The good news is, that pearled barley is still a good source of fiber because there is fiber throughout the kernel – not just in the bran layer (like most other grains).  Also, all barley will give you the benefits of  beta-glucan soluble fiber that helps control blood sugar levels and lower LDL cholesterol.  Barley is high in vitamins and minerals – including potassium, B vitamins, vitamin E and zinc.  Barley also contains selenium, which is a powerful antioxidant. Barley is delicious in soups or stews, or can be used to make a pilaf.

 

For more on the health benefits of barley, visit:
http://wholegrainscouncil.org/whole-grains-101/health-benefits-of-barleyAnd http://www.glnc.org.au/grains/types-of-grains/barley/

Hearty Barley recipes:
http://www.eatingwell.com/recipes_menus/recipe_slideshows/hearty_barley_recipes?slide=1#leaderboardad

 

Buckwheat
Cal: 52Pro: 1.9gFiber: 1.5g 
Buckwheat has been around for about 8,000 years and was originally cultivated in the Balkan region of Europe.  It has since become popular in many parts of Europe, Asia and the Middle East.  Buckwheat groats are shaped like a triangle or pyramid.  Buckwheat is gluten free and has nutty flavor.

Buckwheat contains higher levels of copper, manganese and zinc than other cereal grains.  Buckwheat can make a delicious addition to soups or salads, or is good in a pilaf.  If you’re in the mood for noodles, try  Japanese soba noodles.  They are a combination of buckwheat flour and wheat flour.

 

For more buckwheat information and recipes, visit:
http://wholegrainscouncil.org/whole-grains-101/buckwheat-december-grain-of-the-month 
Farro (Emmer)
Cal: 133Pro: 4.7gFiber: 4.7g 
Farro is an ancient variety of wheat, and it was a staple in ancient Rome.  Farro is still very popular in Italy.  Farro has a roasted, nutty flavor and a hearty, chewy texture.  Farro is high in protein and fiber.  It is also rich in B vitamins, iron, magnesium and zinc.

You can enjoy it as a risotto dish or as part of a salad, substitute it for rice, or add it to a hearty stew or soup.   

 

Check out these websites for more farro information and recipes:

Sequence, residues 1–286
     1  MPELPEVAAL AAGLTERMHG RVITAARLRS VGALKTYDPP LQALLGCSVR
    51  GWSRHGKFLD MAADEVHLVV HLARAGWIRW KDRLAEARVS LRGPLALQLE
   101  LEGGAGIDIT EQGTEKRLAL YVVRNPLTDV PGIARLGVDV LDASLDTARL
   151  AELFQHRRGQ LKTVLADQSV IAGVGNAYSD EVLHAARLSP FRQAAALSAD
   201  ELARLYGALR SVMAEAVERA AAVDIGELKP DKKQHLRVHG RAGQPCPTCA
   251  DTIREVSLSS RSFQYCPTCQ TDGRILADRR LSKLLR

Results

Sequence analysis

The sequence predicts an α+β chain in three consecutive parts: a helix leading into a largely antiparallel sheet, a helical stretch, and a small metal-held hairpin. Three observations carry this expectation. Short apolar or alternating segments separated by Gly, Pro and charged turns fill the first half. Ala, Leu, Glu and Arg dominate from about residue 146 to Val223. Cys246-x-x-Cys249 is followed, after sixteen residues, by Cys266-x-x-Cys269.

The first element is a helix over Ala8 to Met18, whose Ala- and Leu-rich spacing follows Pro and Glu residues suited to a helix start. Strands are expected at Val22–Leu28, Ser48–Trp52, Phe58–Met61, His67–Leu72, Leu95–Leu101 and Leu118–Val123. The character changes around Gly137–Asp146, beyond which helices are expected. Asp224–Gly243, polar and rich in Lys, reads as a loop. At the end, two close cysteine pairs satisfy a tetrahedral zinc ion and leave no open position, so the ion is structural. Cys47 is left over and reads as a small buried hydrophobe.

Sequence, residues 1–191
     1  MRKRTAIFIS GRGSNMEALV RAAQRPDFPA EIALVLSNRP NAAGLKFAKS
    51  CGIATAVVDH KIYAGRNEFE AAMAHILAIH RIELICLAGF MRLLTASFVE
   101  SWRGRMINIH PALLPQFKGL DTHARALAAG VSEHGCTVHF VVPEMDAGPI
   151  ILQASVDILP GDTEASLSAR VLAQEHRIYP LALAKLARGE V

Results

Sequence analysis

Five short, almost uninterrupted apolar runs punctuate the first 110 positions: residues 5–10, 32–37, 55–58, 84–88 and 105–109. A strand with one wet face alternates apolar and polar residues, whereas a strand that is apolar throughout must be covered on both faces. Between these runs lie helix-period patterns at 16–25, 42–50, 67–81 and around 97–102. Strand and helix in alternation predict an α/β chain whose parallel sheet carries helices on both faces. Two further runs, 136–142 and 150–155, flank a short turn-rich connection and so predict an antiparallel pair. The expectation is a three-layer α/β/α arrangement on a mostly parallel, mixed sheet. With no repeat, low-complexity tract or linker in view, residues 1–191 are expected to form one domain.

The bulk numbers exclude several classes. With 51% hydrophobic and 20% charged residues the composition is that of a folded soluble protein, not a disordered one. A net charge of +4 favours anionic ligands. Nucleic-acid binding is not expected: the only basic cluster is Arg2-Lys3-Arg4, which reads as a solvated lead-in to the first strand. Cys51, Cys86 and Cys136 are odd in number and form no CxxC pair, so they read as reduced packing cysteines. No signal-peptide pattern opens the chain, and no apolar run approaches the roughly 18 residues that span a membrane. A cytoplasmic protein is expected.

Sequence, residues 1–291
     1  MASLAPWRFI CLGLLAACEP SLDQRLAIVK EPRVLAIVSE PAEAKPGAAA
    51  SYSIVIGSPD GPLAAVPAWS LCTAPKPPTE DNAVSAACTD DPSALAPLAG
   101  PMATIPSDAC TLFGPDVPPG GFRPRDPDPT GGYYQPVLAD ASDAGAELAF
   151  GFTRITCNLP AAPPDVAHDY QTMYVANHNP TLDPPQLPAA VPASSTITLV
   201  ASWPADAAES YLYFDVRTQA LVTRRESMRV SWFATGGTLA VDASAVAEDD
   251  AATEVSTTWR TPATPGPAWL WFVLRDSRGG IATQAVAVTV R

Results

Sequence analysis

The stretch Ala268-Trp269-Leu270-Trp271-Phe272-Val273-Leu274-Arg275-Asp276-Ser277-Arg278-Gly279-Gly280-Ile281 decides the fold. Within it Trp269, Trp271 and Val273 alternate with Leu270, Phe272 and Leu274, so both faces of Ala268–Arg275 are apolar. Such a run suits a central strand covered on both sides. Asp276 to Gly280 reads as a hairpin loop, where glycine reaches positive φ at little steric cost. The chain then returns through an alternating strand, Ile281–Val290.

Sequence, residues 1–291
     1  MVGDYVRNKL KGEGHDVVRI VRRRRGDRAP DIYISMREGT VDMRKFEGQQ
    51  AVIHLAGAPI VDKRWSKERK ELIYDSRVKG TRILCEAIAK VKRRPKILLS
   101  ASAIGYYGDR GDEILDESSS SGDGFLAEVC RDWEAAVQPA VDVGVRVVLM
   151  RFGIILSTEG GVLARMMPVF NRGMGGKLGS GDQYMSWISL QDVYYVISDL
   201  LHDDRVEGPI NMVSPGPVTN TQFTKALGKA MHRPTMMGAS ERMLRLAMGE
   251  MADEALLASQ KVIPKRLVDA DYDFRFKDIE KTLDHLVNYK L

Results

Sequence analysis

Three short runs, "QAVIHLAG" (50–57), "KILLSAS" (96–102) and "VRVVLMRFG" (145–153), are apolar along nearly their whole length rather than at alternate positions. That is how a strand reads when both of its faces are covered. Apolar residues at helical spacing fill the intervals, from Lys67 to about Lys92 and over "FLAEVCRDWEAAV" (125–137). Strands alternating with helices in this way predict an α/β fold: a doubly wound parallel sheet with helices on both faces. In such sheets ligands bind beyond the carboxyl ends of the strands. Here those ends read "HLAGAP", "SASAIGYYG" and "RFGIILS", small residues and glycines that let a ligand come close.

http://wholegrainscouncil.org/search/node/farrohttp://www.eatingwell.com/search/apachesolr_search/farro

 

Freekah
Cal: 76Pro: 3.1Fiber: 3.6 

 

 

Freekah dates back thousands of years to ancient Egypt and is found mostly in North African and Middle Eastern cuisine.

Freekah is a type of wheat that has been harvested when it is still green and young.  It is usually sold toasted and cracked.  Its flavor is a combination of nutty, grassy and slightly smoky.  And it has a chewy texture. Freekah is high in protein, fiber and the antioxidants lutein and zeaxanthin.  It is also a good source of minerals, including: potassium, selenium and magnesium. Freekah makes a great side dish – substitute it for rice, use it to make a pilaf or risotto or put it in a savory salad. You can even make a hearty hot cereal with it.

 

For more information on the health benefits of freekah, check out:

http://www.eatright.org/resource/food/vitamins-and-supplements/nutrient-rich-foods/freaky-about-freekeh

Recipes:  http://www.freekeh-foods.com/recipes/

 

Khorasan Wheat (aka Kamut)

Cal: 76
Pro: 3.3
Fiber: 2.5

An Egyptian word for wheat, Kamut is another ancient wheat variety. Kamut is actually the brand name for Khorasan Wheat. This grain also has the nicknames “Camel’s tooth” – due to its shape, or “Prophet’s Wheat,” because of legend that it was the grain that Noah brought with him on the ark. Kamut has a sweet, nutty, buttery flavor and comes in golden, chewy kernels.  It contains high levels of protein, fiber, manganese, selenium and zinc. Kamut is a delicious addition to salads, pilafs and soups.

 

 

For more Kamut information and recipes, visit:

http://www.drweil.com/drw/u/ART03182/How-to-Cook-Kamut.html#_ga=1.139147063.561120079.1463377973

http://www.kamut.com/en/discover/the-grain

 

Millet
Cal: 69Pro: 2.0Fiber: 2.5